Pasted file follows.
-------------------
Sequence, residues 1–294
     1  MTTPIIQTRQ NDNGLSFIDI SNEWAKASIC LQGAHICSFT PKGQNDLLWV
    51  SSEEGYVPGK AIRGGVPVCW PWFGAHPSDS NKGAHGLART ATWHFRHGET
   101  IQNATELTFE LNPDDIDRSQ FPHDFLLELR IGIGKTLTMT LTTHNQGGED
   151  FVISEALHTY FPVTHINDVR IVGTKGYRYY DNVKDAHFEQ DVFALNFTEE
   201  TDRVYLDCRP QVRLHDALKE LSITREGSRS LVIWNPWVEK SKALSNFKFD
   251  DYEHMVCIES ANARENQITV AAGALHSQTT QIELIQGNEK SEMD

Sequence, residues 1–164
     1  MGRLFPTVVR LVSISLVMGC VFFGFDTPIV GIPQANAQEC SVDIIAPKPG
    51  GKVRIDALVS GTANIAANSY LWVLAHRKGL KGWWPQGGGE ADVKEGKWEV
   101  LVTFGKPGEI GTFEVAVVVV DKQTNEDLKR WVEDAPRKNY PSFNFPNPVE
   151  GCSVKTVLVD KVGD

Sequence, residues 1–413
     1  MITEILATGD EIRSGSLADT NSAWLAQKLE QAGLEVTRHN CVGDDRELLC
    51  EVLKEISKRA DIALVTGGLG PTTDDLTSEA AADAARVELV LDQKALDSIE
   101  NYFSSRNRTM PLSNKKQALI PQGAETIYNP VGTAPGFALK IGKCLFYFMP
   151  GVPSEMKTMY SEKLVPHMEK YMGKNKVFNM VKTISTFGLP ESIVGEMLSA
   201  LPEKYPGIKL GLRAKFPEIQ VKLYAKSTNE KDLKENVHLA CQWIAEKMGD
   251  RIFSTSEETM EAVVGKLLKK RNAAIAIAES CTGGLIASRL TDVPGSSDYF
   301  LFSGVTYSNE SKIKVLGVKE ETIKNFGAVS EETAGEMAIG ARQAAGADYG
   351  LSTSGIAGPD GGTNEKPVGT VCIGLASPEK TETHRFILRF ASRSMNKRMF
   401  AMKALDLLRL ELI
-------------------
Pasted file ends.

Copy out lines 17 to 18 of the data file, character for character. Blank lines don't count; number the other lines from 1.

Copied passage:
   151  GVPSEMKTMY SEKLVPHMEK YMGKNKVFNM VKTISTFGLP ESIVGEMLSA
   201  LPEKYPGIKL GLRAKFPEIQ VKLYAKSTNE KDLKENVHLA CQWIAEKMGD